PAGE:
Xbox 360/Xbox Development on the Mac

This article describes the process to configure an iBook to compile C code written with OpenXDK, and make Xbox native executables. At the time of writing, the author had successfully compiled a Windows executable but had not been able to convert it to an Xbox executable.

OverviewEdit

All of these steps are fairly straight forward, although there are some tricks that the novice needs to know to bypass hours of "googling". The process taken is similar to installing OpenXDK on Linux, but differs because in this example we're using a PowerPC processor. This means that we first have to build a cross compiler. The assumption is that you know how to access the shell.

DarwinPortsEdit

DarwinPorts is a way to track and install open source programs to your system easily. It is designed specifically for Darwin (as the name suggests), and using this you can download MingGW. The current version of DarwinPorts is 1.2, and it comes in a handy installer package. Once it's installed, run the following command to update the internal list of available ports:

$ sudo port -d selfupdate

MinGWEdit

The MingGW compilers and Windows API libraries let you write and compile programs for execution on the i386 system. Although you can download a copy of everything you need from the website, using DarwinPorts to download the right files for you is a better option. To download the tools needed, run the command:

$ sudo port install i386-mingw32-gcc

This will download, configure and install the gcc cross-compiler and tools to your system. Note: this step will take a while.

Compile ErrorsEdit

As of this writing, there is a compile error when the installer executes make for the binutils package. The exact error is listed below:

$.../work/binutils-2.15.91-20040904-1/gas/config/tc-i386.h:457: error: array type has incomplete element type

To get around this problem, change the compiler to gcc-3.3 when preparing the build.

$ sudo gcc_select 3.3

Then, once the binutils package has compiled successfully, halt the install (Ctrl+C) (the install will fail anyway) and change the compiler back to gcc-4.0. Then the install should complete successfully.

TestingEdit

This is an option step. I just tested that the setup worked, by writing a Hello World! program, and running it on my Windows box. The contents of hello.c are shown below:

#include <stdio.h>
 
int main(int argc, char **argv)
 {
 	printf ("Hello\n");
 	return 0;
 }

Then to compile, it's just like normal gcc/++:

$ i386-mingw32-gcc -o hello.exe hello.c

This produces a windows executable hello.exe that can be run natively in Windows. Note that this only tests the cross compiler setup, and not OpenXDK.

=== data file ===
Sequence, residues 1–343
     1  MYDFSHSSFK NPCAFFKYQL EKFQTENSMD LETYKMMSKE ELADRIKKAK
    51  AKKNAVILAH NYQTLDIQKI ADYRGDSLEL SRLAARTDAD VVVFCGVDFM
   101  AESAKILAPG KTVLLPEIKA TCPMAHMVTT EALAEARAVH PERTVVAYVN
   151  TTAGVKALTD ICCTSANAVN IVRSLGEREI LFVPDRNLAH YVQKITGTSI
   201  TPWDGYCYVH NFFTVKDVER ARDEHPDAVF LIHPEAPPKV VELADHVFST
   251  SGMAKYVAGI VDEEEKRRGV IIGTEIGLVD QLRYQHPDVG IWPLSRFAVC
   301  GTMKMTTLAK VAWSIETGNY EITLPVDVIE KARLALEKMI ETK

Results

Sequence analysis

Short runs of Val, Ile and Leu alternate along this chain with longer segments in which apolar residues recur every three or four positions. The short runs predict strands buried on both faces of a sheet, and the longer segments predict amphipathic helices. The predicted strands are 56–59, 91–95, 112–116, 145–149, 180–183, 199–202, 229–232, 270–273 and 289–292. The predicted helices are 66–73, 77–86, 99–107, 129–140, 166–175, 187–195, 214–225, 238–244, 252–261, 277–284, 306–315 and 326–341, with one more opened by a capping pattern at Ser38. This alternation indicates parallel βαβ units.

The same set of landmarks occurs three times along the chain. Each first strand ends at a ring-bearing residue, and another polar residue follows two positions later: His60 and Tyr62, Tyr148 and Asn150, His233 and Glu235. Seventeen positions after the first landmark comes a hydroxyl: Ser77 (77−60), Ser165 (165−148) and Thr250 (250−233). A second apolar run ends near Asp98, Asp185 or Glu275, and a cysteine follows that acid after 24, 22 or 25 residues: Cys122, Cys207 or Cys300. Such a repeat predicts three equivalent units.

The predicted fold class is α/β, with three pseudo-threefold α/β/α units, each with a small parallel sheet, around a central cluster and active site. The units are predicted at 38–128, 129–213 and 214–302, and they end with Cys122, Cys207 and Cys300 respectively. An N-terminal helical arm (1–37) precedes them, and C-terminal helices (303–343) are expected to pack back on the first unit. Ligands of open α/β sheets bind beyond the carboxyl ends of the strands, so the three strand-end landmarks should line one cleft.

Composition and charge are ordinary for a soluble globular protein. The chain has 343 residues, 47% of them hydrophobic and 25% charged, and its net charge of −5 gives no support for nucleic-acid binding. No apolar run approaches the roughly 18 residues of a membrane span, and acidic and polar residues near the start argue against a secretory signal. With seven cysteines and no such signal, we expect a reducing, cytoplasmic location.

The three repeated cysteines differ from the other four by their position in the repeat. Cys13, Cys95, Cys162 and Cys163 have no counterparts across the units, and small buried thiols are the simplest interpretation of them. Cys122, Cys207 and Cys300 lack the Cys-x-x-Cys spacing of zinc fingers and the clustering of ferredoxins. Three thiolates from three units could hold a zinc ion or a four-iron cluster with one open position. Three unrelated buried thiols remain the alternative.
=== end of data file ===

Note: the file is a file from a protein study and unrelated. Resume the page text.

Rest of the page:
OpenXDKEdit

OpenXDK is a free kit for developing applications that will run on the Xbox. It contains a complete libc replacement, uses SDL for multimedia (sound and networking are not currently supported) and compiles with gcc.

You can download the latest version from SourceForge. Make sure to download the binary file OpenXDK_#_bin.zip (where # is the version). Note: although it says it's for the i386 platform, that's our target system, and OpenXDK will NOT compile (even with i386-mingw32-gcc) on the Mac.

CxbeEdit

Cxbe comes with OpenXDK, and is located in the bin directory. It is responsible for converting the Windows executable into an Xbox executable. You won't be able to use the one provided, as it is for Windows.

Unfortunately, at the time of writing the Cxbe source in the OpenXDK_src package is from an older version than the compiled version in the OpenXDK_bin package. Until a workaround surfaces, we will have to send the half completed executable to a Windows box and run Cxbe there.

CompilingEdit

To compile C code written for the xBox, you need a lengthy flag list for the compiler. The following was adapted from the OpenXDK Website. This assumes that you have a working version of cxbe on your system.

# installed OpenXDK path
XDK = /usr/local/openXDK
# cross-compiler
CC = i386-mingw32-gcc
# cxbe path (for post-processing)
CXBE = $(XDK)/bin/cxbe
SDLFLAGS = -DENABLE_XBOX -DDISABLE_CDROM
CC_FLAGSA = -g -std=gnu99 -ffreestanding -nostdlib -fno-builtin
CC_FLAGSB = -fno-exceptions -mno-cygwin -march=i386 $(SDLFLAGS)
INCLUDE = -I$(XDK)/i386-pc-xbox/include -I$(XDK)/include -I$(XDK)/include/SDL
CLINK = -nostdlib
ALIGN = -Wl,--file-alignment,0x20 -Wl,--section-alignment,0x20
SHARED = -shared
ENTRYPOINT = -Wl,--entry,_WinMainCRTStartup
STRIP = -Wl,--strip-all
LD_FLAGS = $(CLINK) $(ALIGN) $(SHARED) $(ENTRYPOINT) $(STRIP)
LD_DIRS = -L$(XDK)/i386-pc-xbox/lib -L$(XDK)/lib
LD_LIBS = $(LD_DIRS) -lSDL -lopenXDK -lhal -lc -lhal -lc -lusb -lxboxkrnl
all: default.exe
*.o: *.c
$(CC) $(CC_FLAGSA) $(CC_FLAGSB) $(INCLUDE) $<
default.exe: *.o
$(CC) -c $< -o $@ $(LD_LIBS) $(LD_FLAGS)
$(CXBE) -TITLE:"$@" -DUMPINFO:"default.cxbe" -OUT:"default.xbe" $@ >/dev/null
clean:
rm -f *.o *.xbe *.cxbe *.exe

ConclusionEdit

While there is limited support for Xbox development on the Mac, because of the use of Linux to develop legal Xbox executables and the fact that Mac OS X is built on a flavor of Unix, it is possible to piggy-back Linux's support sources and (with slight manipulation) produce a viable solution to Mac Xbox Development.

ReferencesEdit

External LinksEdit

Last modified on 3 October 2011, at 18:56